We put thirty spokes together and call it a wheel;
But it is on the space where there is nothing that the usefulness of the wheel depends.
We turn clay to make a vessel;
But it is on the space where there is nothing that the usefulness of the vessel depends.
We pierce doors and windows to make a house;
And it is on these spaces where there is nothing that the usefulness of the house depends.
Therefore just as we take advantage of what is, we should recognize the usefulness of what is not.
I’ve always loved this aphorism of Lao Tzu. It pre-dates the wisdom of Jesus who taught that only when we are empty are we filled. Specifically, I make reference to the doctrine of kenosis, or “self-emptying” taught in Phillipians 2:7 by the Apostle Paul. It is so difficult to take pause in our day to day life, practice a “mindful” moment, and catch a glimpse of our ego-fullness.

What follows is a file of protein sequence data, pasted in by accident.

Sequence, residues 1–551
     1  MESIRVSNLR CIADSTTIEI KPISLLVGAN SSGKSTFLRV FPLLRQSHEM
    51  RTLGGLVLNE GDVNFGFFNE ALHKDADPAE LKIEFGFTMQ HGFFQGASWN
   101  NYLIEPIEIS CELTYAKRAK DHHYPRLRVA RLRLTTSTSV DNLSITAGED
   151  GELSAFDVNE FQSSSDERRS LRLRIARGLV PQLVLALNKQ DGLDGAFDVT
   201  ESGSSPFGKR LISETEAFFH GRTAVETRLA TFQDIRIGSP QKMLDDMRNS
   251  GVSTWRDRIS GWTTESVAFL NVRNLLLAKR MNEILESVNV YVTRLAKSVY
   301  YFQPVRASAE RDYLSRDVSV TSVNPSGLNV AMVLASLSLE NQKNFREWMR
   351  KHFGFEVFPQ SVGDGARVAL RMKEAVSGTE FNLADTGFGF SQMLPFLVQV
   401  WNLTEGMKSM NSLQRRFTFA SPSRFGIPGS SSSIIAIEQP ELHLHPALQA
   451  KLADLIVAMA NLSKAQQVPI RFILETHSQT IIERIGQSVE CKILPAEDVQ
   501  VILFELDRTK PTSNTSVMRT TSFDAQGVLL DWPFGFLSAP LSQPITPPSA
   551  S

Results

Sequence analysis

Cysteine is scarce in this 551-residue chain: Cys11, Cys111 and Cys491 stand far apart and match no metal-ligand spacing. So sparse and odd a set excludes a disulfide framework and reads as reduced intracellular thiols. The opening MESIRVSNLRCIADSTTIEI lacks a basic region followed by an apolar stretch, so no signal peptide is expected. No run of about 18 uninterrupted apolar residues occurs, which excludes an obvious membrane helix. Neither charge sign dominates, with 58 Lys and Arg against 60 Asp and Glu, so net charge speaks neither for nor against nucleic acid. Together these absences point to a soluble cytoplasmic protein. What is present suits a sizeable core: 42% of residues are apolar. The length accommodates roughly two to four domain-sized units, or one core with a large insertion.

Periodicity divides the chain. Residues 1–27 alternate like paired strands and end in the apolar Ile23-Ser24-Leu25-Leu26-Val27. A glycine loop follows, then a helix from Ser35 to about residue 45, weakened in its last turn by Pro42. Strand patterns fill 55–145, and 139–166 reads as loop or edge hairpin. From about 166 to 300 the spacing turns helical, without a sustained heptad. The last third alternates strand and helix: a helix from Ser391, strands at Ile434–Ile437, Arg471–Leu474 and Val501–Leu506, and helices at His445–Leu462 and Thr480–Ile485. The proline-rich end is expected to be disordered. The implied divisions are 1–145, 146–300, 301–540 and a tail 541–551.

And once again, I quote Rilke who noted re the “hero”—- “Daily he takes himself off and steps into the changing constellation of his own everlasting risk.”